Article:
Spring planning preparations for fall food preservation
Tomatoes, cucumbers, peppers, carrots, and green beans – these vegetables are family favorites, and somehow they taste better when they come from your own garden. They are delicious and nutritious either straight out of the garden or picked and preserved for later.
Rising food costs have prompted more people to start home gardens with plans to preserve abundant harvests. Careful planning in the spring will help in preparing to preserve food in the fall.
Plan early to decide how the harvest will be preserved - freezing, dehydrating, or canning. The preservation method may depend on family preferences, time available, and equipment required, such as freezer space, a dehydrator, boiling water canner, or pressure canner.
Some items, such as canning lids, have been in short supply in recent years, so look for them early.
Here are tips and recommendations for each of these three ways to preserve produce:
Freezing: There are various methods for preparing foods for freezing, depending on the produce. Some items can be quickly frozen raw, while others require blanching first. All produce should be washed under running water. Suitable freezer containers include plastic freezer bags, freezer paper, freezer aluminum foil, or plastic containers with the snowflake symbol.
Drying: Drying preserves foods by removing enough moisture to prevent spoilage. Dehydrators are convenient and easy to use. If a dehydrator is not available, a gas or electric oven may be used to dry produce. But keep the temperature low, watch it carefully, and leave the oven door propped open to allow moisture to escape. Select drying trays that allow good air circulation without causing a reaction with the food. Dried foods take up less space for storage. Some can be eaten dry, including many fruits - others must be rehydrated before use.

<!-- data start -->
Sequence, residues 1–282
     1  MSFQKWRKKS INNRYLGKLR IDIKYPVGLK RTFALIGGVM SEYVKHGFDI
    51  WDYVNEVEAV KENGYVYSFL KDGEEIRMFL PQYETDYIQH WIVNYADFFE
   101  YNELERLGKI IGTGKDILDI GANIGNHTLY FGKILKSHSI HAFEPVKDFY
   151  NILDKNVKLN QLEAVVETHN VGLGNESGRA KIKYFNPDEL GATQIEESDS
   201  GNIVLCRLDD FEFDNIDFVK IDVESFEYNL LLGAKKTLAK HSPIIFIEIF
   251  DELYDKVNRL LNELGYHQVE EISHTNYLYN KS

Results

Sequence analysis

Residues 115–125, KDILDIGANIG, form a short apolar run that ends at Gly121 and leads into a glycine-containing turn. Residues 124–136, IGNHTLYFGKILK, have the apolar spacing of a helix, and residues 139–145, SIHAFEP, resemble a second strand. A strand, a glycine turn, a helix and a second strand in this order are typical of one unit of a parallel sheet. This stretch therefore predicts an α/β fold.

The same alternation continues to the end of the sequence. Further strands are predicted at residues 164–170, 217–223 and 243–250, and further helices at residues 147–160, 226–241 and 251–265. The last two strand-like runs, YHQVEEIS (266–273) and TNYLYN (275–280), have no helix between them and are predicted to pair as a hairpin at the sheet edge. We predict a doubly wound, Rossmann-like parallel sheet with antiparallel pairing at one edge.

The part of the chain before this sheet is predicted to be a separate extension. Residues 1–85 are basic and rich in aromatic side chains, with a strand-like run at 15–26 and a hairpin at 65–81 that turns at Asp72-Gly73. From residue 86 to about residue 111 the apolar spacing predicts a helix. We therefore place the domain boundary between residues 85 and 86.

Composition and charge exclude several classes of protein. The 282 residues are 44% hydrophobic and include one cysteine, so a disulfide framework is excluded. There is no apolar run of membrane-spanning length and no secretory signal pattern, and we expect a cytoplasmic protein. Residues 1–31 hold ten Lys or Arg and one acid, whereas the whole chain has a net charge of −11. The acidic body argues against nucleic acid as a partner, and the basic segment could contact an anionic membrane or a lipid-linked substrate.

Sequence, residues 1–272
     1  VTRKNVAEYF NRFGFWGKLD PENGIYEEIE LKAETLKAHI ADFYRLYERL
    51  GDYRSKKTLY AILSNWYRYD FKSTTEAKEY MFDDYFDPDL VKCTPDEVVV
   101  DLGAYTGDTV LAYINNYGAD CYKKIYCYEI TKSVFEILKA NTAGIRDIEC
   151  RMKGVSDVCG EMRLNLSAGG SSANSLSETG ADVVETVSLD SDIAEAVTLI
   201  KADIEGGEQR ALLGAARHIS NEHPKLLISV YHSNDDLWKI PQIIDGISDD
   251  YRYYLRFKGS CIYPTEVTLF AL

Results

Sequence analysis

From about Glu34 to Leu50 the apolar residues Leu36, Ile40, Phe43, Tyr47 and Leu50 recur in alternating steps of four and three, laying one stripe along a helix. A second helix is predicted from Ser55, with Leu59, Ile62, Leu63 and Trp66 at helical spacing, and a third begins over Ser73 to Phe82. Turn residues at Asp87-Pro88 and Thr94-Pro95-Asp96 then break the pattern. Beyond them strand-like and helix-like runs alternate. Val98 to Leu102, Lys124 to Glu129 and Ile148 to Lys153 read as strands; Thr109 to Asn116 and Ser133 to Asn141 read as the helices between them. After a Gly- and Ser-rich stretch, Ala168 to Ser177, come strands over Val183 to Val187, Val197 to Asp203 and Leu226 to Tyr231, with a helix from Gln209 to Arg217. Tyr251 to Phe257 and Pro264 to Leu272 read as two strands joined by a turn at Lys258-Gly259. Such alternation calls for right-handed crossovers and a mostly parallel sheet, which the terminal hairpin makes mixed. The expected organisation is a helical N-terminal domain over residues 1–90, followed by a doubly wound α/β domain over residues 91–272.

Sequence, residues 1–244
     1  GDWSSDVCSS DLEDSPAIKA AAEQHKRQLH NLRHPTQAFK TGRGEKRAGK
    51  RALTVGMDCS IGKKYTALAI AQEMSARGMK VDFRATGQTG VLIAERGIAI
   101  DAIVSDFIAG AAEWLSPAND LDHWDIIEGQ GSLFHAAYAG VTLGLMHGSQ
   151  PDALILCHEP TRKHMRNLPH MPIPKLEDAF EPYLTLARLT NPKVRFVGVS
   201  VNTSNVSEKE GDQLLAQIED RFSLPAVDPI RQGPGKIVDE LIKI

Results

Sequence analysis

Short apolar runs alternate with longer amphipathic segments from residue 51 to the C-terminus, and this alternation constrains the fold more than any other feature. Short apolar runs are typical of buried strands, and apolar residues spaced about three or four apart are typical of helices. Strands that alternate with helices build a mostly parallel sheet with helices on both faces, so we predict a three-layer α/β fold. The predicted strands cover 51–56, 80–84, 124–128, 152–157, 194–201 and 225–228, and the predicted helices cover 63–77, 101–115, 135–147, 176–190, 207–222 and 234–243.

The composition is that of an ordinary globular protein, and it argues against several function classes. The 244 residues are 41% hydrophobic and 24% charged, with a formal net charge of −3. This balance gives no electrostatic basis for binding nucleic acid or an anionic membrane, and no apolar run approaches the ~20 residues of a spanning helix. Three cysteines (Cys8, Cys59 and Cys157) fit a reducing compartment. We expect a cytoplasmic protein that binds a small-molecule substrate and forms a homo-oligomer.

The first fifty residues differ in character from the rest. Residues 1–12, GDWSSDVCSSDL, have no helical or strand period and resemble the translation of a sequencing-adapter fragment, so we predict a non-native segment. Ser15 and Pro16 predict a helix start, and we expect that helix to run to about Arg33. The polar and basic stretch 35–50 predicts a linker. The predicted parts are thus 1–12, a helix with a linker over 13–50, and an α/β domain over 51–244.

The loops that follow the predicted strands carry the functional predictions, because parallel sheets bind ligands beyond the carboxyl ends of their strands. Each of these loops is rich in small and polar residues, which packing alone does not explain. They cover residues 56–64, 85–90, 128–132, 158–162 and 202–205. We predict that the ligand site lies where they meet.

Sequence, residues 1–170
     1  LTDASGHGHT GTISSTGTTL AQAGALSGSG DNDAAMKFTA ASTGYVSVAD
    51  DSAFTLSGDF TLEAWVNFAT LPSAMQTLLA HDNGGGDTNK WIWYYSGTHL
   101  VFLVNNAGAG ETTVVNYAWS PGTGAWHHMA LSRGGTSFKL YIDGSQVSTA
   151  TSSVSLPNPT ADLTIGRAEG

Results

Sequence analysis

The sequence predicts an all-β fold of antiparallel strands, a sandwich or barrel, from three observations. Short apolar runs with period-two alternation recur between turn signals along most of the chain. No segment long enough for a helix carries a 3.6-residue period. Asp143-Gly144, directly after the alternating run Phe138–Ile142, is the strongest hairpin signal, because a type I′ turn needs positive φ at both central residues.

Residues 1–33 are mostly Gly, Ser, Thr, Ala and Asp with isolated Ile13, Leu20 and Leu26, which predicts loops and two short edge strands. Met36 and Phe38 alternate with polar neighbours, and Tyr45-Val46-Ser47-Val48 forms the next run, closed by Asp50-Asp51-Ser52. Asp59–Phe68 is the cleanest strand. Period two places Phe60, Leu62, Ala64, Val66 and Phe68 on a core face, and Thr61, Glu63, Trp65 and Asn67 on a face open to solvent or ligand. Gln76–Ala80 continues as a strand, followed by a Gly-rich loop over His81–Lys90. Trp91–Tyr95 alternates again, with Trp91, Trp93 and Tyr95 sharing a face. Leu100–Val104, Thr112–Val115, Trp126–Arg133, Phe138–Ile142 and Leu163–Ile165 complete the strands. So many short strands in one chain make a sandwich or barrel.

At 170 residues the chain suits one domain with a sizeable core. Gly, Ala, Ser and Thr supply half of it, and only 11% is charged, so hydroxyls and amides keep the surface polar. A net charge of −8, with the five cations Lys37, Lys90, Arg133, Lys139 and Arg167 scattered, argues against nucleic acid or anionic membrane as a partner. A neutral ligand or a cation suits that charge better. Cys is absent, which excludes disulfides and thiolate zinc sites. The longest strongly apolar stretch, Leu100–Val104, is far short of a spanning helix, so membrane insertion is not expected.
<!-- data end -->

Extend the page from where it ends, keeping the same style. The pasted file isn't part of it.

Canning: There are two canning methods. Boiling-water canners are only used for high-acid foods- such as fruits, pickles, jams, and jellies. Pressure canners are used for low-acid foods. Check canning supplies every year before canning season starts. Many local Nebraska Extension offices have equipment to test dial gauges on pressure canners. Replace the gauge if it is off by more than 2 pounds at the desired cooking pressure. A weighted gauge does not need to be tested for accuracy. Check the gasket and replace if it is stiff or stretched. The rubber safety valve should be replaced when the gasket is replaced.
Pick vegetables at peak flavor and preserve them soon after harvest. With sufficient planning early in the year, equipment will be ready for processing extra produce that can be enjoyed throughout the year.
For more information on safe food preservation visit food.unl.edu/food-preservation